Kids who help to make their food are more likely to eat it… I’ve heard this advice many times, and have to say it’s true in my experience!
As a mom, I suspect you want to have your kids learning along side of you in the kitchen. Or, perhaps, you wish you wanted them there with you?
You know it’s a good idea! Cooking along side Mom teaches healthy eating habits, and it encourages kids to try new foods when they are the one in charge of the handfuls of spinach going into that smoothie or the sprinkling the raisins into that whole grain banana bread. It also encourages helping out at home and independence… etc etc. Many reasons!
“Yes, but they get into everything, end up spilling stuff, and it’s really just quicker and easier to do it myself…”
…Ever thought that? Your thoughts are undoubtedly more patient than mine ;P but just in case you and I share some thoughts, i’ll tell you a few ways i’ve learned to include even the tiniest helpers in the kitchen (sanely). 🙂
5 ways to include your (young) kids in the kitchen:
1. Cutting: Scissors are your friend
It’s so easy with scissors! You don’t have to worry about that sharp knife until your kitchen helper is old enough to use it responsibly. Grab a pair of kids scissors and wash them up. (Then realize that those ones are covered in ‘never come off in a million years’ glitter glue, and hunt down a different pair…) Give them to your child and let him help! Spinach, dried fruit, sliced peppers that need to be diced- you get the idea, i’m sure!
Once your helper is past this stage, start with soft foods (avocado, bananas, berries, etc) and a plastic kids’ knife.
2. Measuring: Make it easy for toddlers!
Handing a toddler a measuring cup and having her scoop your flour is likely going to turn your fluffy muffins into cute little pancakes in a paper wrapper. It’s all very nice that she has had her ‘need for independence’ square checked off for the day, but one cup really has to be one cup…
Solution: Pre-measure your flour into a separate bowl and then hand tiny chef a 1/4 cup measure. Let her measure how ever many ‘cups’ of flour it takes to empty that pre-measured flour into your mixing bowl. This will take a slight bit more time and create an extra dirty dish, but
dishwashers were invented for a reason i’m sure you love your dear little one enough to persevere. 🙂
3. Tap into that energy: Introduce the job of the runner
This can actually be a great time saver! Kids have high levels of energy to start with, so capitalize on it! Invite your preschooler to gather ingredients as you need them, your toddler to bring scraps to the compost or garbage, or your kindergarten aged child to run out to the garden to pull the 3 carrots you need for the soup!
4. Bring out their inner artist
This is fun for kids from toddler to tween, tweaked depending on age! There are the obvious jobs like adding sprinkles or icing, but food art doesn’t stop there!
Get your cookie cutters into action!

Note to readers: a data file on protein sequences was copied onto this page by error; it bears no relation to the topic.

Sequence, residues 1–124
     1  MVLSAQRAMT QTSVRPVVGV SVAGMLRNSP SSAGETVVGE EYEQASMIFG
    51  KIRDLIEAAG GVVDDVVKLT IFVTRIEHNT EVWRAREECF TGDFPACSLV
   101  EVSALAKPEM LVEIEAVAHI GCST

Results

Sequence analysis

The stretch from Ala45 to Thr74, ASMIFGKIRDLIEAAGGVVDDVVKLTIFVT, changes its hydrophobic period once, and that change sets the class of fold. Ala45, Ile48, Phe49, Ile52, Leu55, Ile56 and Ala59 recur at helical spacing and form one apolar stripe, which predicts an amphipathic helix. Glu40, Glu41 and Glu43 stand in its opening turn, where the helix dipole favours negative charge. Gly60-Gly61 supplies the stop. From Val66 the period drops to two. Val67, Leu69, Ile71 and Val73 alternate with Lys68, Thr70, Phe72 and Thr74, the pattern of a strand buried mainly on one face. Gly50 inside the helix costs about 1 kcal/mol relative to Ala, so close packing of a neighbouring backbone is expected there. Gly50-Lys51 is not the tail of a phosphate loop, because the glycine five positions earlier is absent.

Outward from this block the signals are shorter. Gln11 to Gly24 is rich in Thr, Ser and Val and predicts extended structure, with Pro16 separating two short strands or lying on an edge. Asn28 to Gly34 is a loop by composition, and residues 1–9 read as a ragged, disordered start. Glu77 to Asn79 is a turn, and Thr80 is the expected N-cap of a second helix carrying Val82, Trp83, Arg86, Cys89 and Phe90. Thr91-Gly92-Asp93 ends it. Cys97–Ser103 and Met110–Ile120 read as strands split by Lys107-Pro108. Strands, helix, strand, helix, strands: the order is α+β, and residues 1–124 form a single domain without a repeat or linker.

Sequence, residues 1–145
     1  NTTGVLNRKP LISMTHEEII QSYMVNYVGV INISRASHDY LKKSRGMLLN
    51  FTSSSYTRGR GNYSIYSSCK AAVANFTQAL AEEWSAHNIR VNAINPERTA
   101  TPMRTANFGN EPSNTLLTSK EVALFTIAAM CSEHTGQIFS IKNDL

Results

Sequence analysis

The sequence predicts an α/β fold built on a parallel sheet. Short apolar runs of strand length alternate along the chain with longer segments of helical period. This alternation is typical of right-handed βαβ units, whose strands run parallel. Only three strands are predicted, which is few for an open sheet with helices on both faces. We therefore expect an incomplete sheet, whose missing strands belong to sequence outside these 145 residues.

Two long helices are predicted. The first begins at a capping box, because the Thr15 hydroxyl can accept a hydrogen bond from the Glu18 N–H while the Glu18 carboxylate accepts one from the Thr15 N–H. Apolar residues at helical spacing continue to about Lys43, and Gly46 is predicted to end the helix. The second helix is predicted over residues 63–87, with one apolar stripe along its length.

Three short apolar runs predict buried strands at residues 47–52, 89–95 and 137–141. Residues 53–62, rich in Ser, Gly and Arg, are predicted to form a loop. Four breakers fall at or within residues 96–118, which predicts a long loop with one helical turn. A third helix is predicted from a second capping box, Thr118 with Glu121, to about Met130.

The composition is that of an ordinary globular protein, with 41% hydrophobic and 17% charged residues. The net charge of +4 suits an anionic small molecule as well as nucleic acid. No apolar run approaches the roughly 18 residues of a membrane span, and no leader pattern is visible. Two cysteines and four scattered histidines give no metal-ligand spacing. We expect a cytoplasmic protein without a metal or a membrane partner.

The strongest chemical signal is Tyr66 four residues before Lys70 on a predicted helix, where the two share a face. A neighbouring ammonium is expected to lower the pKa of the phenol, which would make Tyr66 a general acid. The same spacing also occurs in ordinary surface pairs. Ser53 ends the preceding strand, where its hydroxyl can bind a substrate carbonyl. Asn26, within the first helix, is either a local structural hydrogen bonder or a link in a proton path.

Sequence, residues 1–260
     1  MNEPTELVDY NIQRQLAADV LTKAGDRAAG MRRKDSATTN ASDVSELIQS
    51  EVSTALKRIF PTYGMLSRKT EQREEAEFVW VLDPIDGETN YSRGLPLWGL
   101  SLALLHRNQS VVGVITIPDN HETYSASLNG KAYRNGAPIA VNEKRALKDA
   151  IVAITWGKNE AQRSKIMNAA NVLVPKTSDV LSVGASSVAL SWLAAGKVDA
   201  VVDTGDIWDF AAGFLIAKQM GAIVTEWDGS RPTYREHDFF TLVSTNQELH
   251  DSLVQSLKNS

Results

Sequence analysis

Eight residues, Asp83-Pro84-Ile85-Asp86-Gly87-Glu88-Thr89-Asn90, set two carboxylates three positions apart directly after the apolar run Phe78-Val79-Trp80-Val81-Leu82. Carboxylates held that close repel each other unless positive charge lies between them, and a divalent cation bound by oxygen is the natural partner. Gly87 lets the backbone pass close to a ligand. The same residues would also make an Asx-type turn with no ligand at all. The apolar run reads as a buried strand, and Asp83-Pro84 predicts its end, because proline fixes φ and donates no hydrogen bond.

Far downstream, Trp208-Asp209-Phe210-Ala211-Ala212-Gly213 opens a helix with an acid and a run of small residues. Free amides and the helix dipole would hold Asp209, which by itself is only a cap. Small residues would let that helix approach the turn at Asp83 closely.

-Make fun shaped sandwiches with large cutters
-Cut slices of cheese or meat into small shapes for crackers
-Cucumber slices are easy to cut with small cookie cutters
-Cut melons or other fruit into small hearts or flowers (to be used for rainbow fairy wand kabobs, for example)
Another way your little artist can help is by using a squeeze bottle filled with pancake batter to create amazing
monkey? bear…giraffe! (and easily recognizable) animal pancakes! Add blueberry features to the face!
Let your (responsible) preschooler make animals, boats, etc, using fruit and toothpicks! Grapes and berries are easy to use for this.
5. Inspire curiosity about new foods by reading!
Reading naturally inspires curiosity and you can use that to encourage your kids to engage with new foods or tasks in the kitchen. A curious child is a good thing when it comes to trying new foods!
- Preschoolers: Read ‘green eggs and ham’ with your preschooler and remember together that the nameless (not ‘Sam I am’) character sure didn’t try his food before he decided it was no good!
- With toddlers, read a first words book that has simple pictures of foods and teach him the names.
- Early elementary: read the ‘little house’ series by Laura Ingalls Wilder, where food preparation is often described in great detail… some of my favourite books 🙂
- All ages: Look through cookbooks together with your kids and have them chose recipes they would like to add to your (very in depth and well organized) meal plan for the week!
You can also check out my storybook with the theme of getting kids loving greens here!
So get those little hands measuring, stirring, and adding fistfuls of spinach to smoothies! You’ll likely find it is worth your efforts and patience, not only in possible willingness to try new foods, but also in the fun you and your small chef will have.
There will be more mess.
It will take more time.
But you and your child will have lots of fun, laughter and happiness filled moments too.
And your child is learning a love of healthy eating. Any extra patience required is worth it. Right? 🙂
I’d love to hear your suggestions! How do you include your young kids in the kitchen? We can all use more ideas, so leave a quick comment below to share your best advice!